With Hate Crimes Against Asians In America Rising, South Coast Woman Remembers Being One Of 120,000 People Sent To Internment Camps During World War II
Now 92-year-old Ventura woman spent more than three years in camps just because of Japanese ancestry
There’s been a lot of concern in recent months about racist, unprovoked attacks on Asian Americans. In Ventura County, there haven't been a rash of hate crimes like in some other parts of the country. But, for some it also brings back memories of World War II, when thousands of men, women and children of Japanese descent were shipped to detention camps just because some questioned their loyalty.
It was nearly eight decades ago when the Japanese attack on Pearl Harbor plunged the United States into World War II.
It also opened the door to the forced relocation of more than 120,000 Japanese, and Japanese Americans living in the United States, as fear led to the trampling of their civil rights. They were moved to isolated internment camps, with men, women and children living in barracks under armed guard
Ruth Marukoa of Ventura was just a 14-year-old girl, living near Sacramento with her family. She says many local stores put up signs, saying Japanese-Americans were banned.
The now 92-year-old woman says they soon found themselves headed to a relocation camp. With little notice, they packed some personal items and were taken by truck, and then train to a temporary camp in Fresno.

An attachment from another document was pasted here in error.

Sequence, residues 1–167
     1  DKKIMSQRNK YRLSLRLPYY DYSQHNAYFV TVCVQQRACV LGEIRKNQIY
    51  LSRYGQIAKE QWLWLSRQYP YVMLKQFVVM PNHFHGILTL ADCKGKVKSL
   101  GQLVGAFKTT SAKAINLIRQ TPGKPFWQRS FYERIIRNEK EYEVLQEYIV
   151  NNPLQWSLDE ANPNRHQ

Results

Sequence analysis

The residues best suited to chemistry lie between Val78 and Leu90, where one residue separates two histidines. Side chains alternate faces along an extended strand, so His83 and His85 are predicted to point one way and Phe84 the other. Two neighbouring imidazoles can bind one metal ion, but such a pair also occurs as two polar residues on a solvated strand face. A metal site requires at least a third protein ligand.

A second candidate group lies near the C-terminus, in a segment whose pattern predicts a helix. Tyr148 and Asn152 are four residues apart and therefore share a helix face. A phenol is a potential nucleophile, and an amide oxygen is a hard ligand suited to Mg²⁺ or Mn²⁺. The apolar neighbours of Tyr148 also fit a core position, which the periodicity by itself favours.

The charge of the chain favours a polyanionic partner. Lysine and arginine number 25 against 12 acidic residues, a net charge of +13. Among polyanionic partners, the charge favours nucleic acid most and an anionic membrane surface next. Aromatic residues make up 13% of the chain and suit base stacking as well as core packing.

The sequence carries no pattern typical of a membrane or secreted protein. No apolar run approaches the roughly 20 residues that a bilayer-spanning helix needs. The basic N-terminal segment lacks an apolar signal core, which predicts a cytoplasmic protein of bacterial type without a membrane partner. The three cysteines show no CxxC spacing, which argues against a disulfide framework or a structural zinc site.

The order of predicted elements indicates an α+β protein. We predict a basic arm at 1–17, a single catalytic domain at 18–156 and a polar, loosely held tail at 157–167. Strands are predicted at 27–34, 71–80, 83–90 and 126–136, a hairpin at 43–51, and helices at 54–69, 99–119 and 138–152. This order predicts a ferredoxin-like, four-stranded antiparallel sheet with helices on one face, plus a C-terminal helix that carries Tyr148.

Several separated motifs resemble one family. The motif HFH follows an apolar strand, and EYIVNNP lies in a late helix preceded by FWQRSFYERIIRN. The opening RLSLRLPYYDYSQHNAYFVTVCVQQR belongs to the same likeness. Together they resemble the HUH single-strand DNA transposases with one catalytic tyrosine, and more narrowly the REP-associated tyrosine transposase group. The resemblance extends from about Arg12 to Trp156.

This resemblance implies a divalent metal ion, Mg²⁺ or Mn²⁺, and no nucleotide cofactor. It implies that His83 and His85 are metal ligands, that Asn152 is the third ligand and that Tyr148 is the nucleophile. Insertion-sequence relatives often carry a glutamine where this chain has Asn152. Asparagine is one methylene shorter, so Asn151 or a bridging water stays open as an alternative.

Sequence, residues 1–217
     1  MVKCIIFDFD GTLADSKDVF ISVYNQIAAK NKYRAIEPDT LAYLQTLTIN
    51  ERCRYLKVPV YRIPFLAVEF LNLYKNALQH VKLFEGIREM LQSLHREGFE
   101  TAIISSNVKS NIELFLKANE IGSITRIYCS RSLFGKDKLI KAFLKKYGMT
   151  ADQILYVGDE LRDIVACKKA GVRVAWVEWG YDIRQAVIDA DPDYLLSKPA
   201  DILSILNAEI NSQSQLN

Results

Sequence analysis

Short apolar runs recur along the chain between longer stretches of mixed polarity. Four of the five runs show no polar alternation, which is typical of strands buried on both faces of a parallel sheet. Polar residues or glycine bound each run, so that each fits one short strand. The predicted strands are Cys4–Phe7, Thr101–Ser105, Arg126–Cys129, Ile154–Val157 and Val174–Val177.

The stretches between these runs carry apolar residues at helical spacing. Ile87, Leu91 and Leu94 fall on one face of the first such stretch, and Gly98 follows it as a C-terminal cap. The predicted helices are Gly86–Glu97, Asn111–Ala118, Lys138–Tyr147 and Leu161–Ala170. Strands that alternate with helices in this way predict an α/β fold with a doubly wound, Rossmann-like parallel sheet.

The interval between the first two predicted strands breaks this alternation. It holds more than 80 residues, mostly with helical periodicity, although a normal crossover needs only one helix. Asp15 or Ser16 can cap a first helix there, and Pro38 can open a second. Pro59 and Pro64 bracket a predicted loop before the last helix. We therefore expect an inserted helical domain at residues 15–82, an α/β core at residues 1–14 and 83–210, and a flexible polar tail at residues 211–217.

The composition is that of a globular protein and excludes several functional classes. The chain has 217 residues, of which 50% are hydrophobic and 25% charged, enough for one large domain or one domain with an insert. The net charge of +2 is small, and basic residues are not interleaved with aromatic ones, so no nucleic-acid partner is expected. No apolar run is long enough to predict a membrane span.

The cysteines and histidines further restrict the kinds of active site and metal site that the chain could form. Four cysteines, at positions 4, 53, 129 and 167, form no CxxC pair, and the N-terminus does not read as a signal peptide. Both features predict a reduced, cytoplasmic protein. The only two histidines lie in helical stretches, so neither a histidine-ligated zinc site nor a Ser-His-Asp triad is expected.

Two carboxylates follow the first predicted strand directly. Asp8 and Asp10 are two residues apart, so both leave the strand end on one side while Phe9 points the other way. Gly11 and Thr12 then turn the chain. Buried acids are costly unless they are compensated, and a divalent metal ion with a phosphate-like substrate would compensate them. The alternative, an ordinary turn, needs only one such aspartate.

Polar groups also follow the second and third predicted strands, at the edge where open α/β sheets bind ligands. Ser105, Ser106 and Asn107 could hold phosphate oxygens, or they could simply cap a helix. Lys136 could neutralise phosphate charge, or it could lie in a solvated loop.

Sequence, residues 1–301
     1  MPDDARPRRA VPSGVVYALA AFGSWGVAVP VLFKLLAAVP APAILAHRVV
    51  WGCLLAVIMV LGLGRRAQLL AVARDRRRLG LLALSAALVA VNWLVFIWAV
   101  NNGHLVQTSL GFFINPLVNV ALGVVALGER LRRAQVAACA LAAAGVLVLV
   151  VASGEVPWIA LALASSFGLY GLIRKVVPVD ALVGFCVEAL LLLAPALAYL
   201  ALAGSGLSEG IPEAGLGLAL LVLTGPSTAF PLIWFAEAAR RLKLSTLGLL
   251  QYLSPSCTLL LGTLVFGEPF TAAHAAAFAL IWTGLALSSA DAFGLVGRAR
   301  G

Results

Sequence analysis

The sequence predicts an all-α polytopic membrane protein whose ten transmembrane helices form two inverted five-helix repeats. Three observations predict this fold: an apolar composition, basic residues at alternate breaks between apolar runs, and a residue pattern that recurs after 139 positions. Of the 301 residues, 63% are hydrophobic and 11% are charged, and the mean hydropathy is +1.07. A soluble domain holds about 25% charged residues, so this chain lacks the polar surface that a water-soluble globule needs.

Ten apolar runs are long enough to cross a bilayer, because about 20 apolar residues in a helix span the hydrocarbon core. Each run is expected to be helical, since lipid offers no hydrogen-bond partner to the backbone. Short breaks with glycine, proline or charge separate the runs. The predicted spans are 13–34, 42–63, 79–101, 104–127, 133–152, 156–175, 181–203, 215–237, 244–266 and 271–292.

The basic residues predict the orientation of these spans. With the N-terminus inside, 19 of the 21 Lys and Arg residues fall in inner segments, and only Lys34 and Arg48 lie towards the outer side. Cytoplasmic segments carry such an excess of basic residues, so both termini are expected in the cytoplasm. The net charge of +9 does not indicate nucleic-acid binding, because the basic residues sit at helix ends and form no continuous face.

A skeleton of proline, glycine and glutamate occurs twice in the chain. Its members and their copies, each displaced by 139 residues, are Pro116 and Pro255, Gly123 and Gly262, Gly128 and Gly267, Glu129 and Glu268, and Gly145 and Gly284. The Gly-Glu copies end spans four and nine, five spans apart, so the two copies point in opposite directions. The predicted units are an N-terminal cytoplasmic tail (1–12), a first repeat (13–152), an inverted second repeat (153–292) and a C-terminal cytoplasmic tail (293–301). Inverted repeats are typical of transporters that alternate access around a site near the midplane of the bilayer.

After that, the family was shipped to a huge camp in the deep South. It was huge., some 50 blocks long, with Army barrack style buildings, surrounded by barbed wire. It was home to some 8,000 people.
She admits it was scary at times, but that their parents gave them stability during the time.
Marukoa says she, and her family knew that what was in effect government sponsored racism was wrong, but tried to take it in stride. They tried to make the best of the situation.
Her family lived there for more than two years. They lost their home, and most of their possessions. It was tough for her parent, because they were farmers with ten kids. But, they started over.
The government later apologized, and paid reparations to those still living, but it hardly compensated for the trauma of the experience.
Marukoa says she’s saddened about the recent incidents targeting Asian-Americans. But, she says she’s not living in fear.
Her grandson, Jonathan Stanley, who lives with her says he feels Ventura County is relatively safe. But, when his grandmother goes for a walk, he goes with her, to make sure will be okay. The 24-year-old says he isn’t taking chances.
Stanley says after she lived through the internment camps, it’s sad that her family now has to be concerned about her safety eight decades later just because of her race.